Yellow Journalism And Mass Media

Yellow Journalism and Mass Media

It is the news that informs us of the events that change our lives and
entertains us when we are seeking something to do. Journalism has been the
staple of American life for quite some time and will probably keep the same
effect for years to come. Journalism has also changed many lives in American
History. Furthermore, I leave you with my essay on the the hype of the early
ninteen hundreds; the infamous Yellow Press.
Basically, Yellow Journalism was the given name to mass media in the
early eighteenth century. It consisted of cartoons, illustrations, catchy stories,
and things that appealed to the readers interests and values(Mass Media 1).
Sometimes the contents were fraudulent and emphasized tragedies. These types
of contents sold papers in great volumes and created a large profit for such
papers as the “New York World” and the “Journal.”(Century 168)
The owner of the “New York Journal” and the overall founder of yellow
journalism itself was of the name Joseph Pulitzer. Pulitzer immigrated to the
United States from Hungary(Pulitzer 1). Early on in his career he worked as a
reporter where he picked up most of his journalism skills. Later on, Pulitzer
purchased the “New York World.” At the time the “World” was not very successful,
but Pulitzer managed to turn it into one of the most successful papers in New
York. He managed to make his paper successful by using the many “yellow”
techniques mentioned before. Some people thought these methods were immoral
and scandalous(Century 166-172).

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Pulitzer’s only real competiton was from a man by the name of William
Hearst. Hearst owned the paper by the name “ The Journal.” The “Journal” was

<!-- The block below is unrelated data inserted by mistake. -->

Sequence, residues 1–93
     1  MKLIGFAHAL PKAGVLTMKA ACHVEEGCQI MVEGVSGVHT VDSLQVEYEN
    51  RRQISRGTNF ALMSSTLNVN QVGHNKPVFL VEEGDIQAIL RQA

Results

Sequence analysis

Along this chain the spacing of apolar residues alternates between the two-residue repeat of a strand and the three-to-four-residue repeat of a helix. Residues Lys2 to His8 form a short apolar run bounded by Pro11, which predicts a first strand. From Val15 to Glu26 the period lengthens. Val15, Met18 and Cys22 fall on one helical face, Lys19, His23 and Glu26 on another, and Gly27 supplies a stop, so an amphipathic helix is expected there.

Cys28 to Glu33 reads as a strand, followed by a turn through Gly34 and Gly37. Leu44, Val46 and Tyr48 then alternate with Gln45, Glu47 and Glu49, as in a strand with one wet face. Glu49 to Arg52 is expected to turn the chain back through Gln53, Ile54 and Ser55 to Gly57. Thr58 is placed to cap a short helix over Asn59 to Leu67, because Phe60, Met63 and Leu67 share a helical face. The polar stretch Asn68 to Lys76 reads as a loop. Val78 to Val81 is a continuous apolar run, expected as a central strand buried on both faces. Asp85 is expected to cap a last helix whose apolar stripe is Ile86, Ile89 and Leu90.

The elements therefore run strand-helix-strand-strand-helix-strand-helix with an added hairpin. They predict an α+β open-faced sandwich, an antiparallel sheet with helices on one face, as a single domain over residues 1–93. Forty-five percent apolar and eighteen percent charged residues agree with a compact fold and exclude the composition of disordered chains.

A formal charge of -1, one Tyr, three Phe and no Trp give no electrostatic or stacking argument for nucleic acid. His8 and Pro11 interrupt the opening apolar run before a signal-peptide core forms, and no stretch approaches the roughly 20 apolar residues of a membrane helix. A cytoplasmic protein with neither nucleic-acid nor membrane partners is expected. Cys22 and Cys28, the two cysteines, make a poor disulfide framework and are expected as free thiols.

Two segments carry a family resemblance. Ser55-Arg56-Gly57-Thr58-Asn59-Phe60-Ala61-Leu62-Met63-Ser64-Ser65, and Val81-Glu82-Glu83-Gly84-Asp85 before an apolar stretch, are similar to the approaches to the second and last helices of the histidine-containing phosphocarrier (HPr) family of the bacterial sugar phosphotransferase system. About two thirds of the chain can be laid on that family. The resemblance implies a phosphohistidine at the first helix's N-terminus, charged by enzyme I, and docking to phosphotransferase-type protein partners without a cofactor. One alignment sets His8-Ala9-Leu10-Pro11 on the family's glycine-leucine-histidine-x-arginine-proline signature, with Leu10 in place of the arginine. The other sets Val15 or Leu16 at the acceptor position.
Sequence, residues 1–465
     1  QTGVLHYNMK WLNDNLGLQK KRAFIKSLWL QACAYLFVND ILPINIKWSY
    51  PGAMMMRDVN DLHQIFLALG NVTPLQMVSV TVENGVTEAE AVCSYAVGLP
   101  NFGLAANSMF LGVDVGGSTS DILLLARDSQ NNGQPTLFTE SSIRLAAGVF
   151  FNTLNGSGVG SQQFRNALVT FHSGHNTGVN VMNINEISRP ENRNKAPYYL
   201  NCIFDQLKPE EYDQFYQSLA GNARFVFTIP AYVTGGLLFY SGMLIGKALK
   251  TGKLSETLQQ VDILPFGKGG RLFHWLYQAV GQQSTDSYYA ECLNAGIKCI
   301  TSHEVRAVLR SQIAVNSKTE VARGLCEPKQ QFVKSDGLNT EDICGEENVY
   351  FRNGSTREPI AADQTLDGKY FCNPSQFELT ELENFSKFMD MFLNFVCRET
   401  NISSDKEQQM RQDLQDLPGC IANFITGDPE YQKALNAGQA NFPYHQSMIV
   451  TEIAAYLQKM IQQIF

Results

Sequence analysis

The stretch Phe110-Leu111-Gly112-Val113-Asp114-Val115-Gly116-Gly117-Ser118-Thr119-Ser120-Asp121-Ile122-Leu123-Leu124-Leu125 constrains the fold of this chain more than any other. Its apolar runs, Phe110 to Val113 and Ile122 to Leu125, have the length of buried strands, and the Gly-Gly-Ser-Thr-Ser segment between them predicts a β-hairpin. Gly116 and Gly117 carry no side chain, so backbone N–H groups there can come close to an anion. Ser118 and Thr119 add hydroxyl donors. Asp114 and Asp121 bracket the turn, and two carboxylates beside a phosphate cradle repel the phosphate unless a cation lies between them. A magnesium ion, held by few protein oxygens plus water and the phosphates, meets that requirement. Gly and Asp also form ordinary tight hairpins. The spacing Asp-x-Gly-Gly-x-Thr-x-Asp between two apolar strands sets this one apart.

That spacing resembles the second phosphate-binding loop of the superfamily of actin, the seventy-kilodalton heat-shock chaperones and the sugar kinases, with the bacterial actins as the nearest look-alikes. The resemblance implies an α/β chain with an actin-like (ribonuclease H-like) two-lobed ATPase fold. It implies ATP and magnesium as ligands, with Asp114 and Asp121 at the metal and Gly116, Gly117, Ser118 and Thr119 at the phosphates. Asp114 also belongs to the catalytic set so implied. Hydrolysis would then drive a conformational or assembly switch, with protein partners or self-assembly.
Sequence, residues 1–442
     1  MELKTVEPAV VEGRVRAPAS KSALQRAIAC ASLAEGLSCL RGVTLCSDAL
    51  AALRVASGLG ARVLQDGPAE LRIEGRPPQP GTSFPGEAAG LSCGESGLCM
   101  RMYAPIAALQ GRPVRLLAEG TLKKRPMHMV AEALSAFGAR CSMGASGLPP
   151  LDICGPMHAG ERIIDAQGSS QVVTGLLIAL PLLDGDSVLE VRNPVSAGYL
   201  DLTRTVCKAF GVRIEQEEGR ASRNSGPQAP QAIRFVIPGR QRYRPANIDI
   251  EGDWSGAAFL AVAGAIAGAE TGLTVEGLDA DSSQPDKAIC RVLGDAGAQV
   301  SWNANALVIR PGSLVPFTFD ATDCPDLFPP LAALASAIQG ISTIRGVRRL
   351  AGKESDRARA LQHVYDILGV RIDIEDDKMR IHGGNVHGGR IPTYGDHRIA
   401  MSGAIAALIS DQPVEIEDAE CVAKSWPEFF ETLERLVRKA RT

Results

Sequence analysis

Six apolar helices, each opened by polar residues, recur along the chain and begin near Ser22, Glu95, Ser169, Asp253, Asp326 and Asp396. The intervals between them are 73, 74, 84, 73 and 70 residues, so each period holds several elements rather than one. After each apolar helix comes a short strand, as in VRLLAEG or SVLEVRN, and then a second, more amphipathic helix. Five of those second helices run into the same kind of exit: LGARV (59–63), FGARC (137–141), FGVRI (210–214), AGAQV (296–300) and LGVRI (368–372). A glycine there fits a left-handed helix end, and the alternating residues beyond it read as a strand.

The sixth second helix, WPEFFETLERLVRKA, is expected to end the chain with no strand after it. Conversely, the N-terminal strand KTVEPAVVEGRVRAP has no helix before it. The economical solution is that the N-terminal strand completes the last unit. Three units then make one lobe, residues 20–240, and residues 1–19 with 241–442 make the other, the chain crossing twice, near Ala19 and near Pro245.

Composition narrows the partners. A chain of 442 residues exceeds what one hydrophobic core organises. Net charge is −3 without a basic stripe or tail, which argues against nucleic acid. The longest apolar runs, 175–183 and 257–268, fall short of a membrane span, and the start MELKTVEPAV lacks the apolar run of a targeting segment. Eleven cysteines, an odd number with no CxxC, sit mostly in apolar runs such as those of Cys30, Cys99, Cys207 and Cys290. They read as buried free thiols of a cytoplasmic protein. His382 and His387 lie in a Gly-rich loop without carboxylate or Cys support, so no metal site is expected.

also highly successful. Harsh competition took place between the two
papers(Century 172).
The major break or “turning point” in the sensationalism movement was
the sinking of the battelship “Maine.” Soon after the tragedy, the yellow press
had a war scare on Spain . For example, the scare- head technique where they
would post something to catch the readers’ eye such a the word “massacre” or
other graphic words that would ingnite the publics’ interest. As many as five or
six publications daily were out relating to the supposed war against Spain.
Vicious competition between Hearst and Pulitzer took place over stories. As a
result of the need for stories to keep the public interested fraudulent stories
developed and outraged many people(Yellow Kid 2).
As far as the the publics feeling towards the yellow press they did not
take kindly to it. Many people wrote letters to editors complaining on the
falsities and other problems. The newspapers and magazines were baned from
several respectable places. Among the places that the publications were banned
included; libraries, schools, reading rooms, and clubs. The reason people sought
to rid of the publications were because of their trashy content and their
falsities(Yellow Kid 5).
Although the actual origin of the term “Yellow Press” is still unknown,
whether it be the color of the paper or the many cartoons written about the
publications including the “yellow” character the press made a significant
impact on society(Yellow Kid 3). The press brought more jobs into the publishing

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industry and brought a new style to the world of journalism. Although the
publications did not go over well with most of the public, they made millions of
dollars in profit(Century 167). So may the legacy of the mass media and it’s
founders live on through the journalism of today.

Category: History